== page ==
This week, we focus on how the UN is further rallying support to combat the humanitarian crisis in Ukraine and the widespread condemnation against the killing of Al Jazeera’s reporter in Palestine.
You are reading This Week @UN, summarizing the most pressing issues before the organization. The information is gathered from UN press briefings, PassBlue reporting and other sources. This week, Secretary-General António Guterres visited Moldova and Austria; a money scandal rocks the UN; and we investigated Kremlin-linked paramilitaries working in central Africa.
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• Breast-feeding welcomed here: The inauguration of a new lactation room in the UN General Assembly Hall and renovation of eight other lactation rooms will be held on May 17. The initiative, introduced by the president of the Assembly, Abdulla Shahid, “is a step towards achieving gender-parity and creating a more family-friendly culture within the United Nations Headquarters for the benefit of delegates, UN staff, and visitors,” his office said. The initiative has been supported by the first lady of El Salvador, Gabriela de Bukele, and Prime Minister Jacinda Ardern of New Zealand, who remain the “guardian patrons” of the lactation spaces. Bukele is expected to speak at the ribbon-cutting, occurring in the General Assembly balcony, and Carolyn Schwalger, New Zealand’s envoy, is speaking for Ardern. (Ardern made history at the UN in 2018, when she brought her infant, Neve, into the General Assembly during its annual opening session.) — DULCIE LEIMBACH
• The ambassadors of Ireland and Mexico, who chair the Security Council informal working group on women, peace and security, wrote a letter on May 10 to the Council president about the “appalling” new requirement by the Taliban that Afghan women must fully cover their faces in public and are banned from leaving home, with exceptions. Deborah Lyons, the head of the UN political mission in Afghanistan, or Unama, briefed the Council this week on the developments, but her remarks were not made public. (A Council press statement was released.) On May 7, the mission said, “This decision contradicts numerous assurances regarding respect for and protection of all Afghans’ human rights” and said it would hold meetings with the Taliban on the matter. But the decree stands, and Lyons is leaving her post as soon as a successor is named, several sources say. It’s not an easy job to fill. One obstacle in finding the right person — a woman, preferably — is getting the more-stubborn Council members, like Russia, to approve Guterres’s choice. The choice, however, may be announced any day now. — DULCIE LEIMBACH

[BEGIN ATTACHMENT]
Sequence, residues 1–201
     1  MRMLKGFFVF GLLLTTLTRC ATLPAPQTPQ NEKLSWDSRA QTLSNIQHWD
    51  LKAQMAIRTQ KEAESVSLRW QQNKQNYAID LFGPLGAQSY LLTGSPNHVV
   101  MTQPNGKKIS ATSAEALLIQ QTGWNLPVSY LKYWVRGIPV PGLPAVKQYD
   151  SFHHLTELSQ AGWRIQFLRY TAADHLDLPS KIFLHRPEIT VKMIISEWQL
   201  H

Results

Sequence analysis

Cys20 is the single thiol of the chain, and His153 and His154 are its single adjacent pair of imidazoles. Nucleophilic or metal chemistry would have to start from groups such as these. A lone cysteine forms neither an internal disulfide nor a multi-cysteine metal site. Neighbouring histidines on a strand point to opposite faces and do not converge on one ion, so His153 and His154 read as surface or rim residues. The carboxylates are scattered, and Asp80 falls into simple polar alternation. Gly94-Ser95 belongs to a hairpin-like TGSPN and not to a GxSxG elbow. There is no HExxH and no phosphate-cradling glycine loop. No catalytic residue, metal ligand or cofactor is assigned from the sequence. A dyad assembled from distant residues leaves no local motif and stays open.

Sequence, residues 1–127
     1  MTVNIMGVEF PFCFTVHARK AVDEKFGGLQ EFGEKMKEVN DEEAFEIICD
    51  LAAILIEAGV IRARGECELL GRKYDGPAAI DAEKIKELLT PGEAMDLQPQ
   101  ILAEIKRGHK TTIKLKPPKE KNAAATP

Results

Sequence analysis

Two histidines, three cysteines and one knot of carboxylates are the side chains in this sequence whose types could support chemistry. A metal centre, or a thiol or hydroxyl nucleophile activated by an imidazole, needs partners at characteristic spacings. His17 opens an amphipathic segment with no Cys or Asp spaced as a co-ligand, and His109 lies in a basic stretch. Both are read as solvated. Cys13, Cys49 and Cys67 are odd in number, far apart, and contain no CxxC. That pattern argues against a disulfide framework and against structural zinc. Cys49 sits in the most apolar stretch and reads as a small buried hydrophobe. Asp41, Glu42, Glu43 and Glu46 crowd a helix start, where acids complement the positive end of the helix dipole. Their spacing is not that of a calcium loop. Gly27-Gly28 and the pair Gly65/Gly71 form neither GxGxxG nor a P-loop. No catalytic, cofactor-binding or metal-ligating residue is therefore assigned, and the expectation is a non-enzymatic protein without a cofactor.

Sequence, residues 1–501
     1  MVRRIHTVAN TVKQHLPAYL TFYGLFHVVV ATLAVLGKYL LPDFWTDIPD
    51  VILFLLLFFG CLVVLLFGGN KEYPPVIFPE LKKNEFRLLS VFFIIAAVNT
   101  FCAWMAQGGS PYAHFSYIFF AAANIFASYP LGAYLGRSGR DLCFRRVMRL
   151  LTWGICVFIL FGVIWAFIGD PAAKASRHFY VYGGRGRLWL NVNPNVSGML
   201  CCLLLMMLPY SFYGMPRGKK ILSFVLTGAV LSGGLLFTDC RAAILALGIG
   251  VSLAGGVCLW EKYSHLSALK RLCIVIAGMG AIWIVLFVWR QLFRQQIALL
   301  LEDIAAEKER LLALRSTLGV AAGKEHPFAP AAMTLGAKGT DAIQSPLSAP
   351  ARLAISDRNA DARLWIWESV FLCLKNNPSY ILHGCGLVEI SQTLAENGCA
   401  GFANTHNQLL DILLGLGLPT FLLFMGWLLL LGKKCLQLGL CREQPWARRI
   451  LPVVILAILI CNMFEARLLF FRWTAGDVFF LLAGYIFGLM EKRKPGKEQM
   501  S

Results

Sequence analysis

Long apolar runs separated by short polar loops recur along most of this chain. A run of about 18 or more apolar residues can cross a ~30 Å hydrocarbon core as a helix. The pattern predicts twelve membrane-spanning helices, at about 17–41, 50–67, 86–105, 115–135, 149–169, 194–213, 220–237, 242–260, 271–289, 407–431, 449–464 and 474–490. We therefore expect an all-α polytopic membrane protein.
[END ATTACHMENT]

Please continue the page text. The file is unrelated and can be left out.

Sunday, May 8
• US to Address Soaring Global Food Prices as Chair of the Security Council: Damilola Banjo explains the agenda of the US in May to spotlight how the sudden jump in food prices globally — and potential destabilizing effects — has been partly triggered by Russia’s war in Ukraine. The monthly column features an original UN-Scripted podcast episode produced by Kacie Candela and Banjo, interviewing Thomas Weiss, director emeritus of the Ralph Bunche Institute for International Studies at CUNY’s Graduate Center.
Monday, May 9
• Russia Has Used Its UN Seat to Hide Atrocities Committed in the Central African Republic, Experts Say: Anastasiia Carrier examines at length how Russia has been accused of misusing its seat in the Security Council to hide alleged atrocities committed by the Kremlin-linked paramilitary entity, the Wagner Group, in the diamond-rich but vulnerable Central African Republic.
• Spokesperson’s briefing: Guterres was in Moldova for a two-day visit to express “his solidarity and thank Moldova for its steadfast support for peace, and for its people’s generosity in opening their hearts and homes to almost half a million Ukrainian refugees fleeing the war.” He noted that there were no refugee camps in Moldova but that refugees are living with families in the country instead. He also met with Prime Minister Natalia Gavrilița, after which he spoke with the media. [Update, May 10: Guterres met with President Maia Sandu]
Tuesday, May 10
• To Stalin, Ukraine Was an Independent Country: The US historian Stephen Schlesinger, who specializes in the UN, traces Stalin’s recognition of Ukraine’s sovereignty when he pushed for the Soviet satellite to be a full-fledged member at the birth of the UN. The move by Stalin directly contradicts Putin’s nonrecognition of Ukraine as an independent nation. (The war in Ukraine has now killed 3,459 people and displaced 12.8 million others.)
• Spokesperson’s briefing: The UN Emergency Relief Coordinator Martin Griffiths urged international donors to contribute to Syria in a joint UN-European Union appeal for $10.5 billion “to support Syrians, host communities and countries in need.” At a pledging conference in Brussels, he added that “humanitarian needs are deepening,” caused by the “economic crisis, ongoing displacement, and climatic shocks” as well as the continuing Syrian war. In Turkey the day before, Griffiths met with Minister for Foreign Affairs Mevlut Cavusoglu and the presidential spokesperson, Ibrahim Kalin, to discuss Turkish “support to the UN’s efforts towards progress on pressing humanitarian concerns in Ukraine.” Guterres considers Turkey to be the main intermediary for negotiations in the Russia–Ukraine war, and a UN Global Crisis Response Group on Food, Energy and Finance has been set up to prevent a food crisis not only in Ukraine and Russia, but also in countries that “depend on food that is normally provided by Ukraine, Russia, Belarus and others,” the UN said.
The US ambassador to the UN, Linda Thomas-Greenfield, also led a delegation to the Syria conference. Her remarks.
• The General Assembly voted by secret ballot to elect the Czech Republic to replace Russia in the Human Rights Council, after it was suspended from the body last month.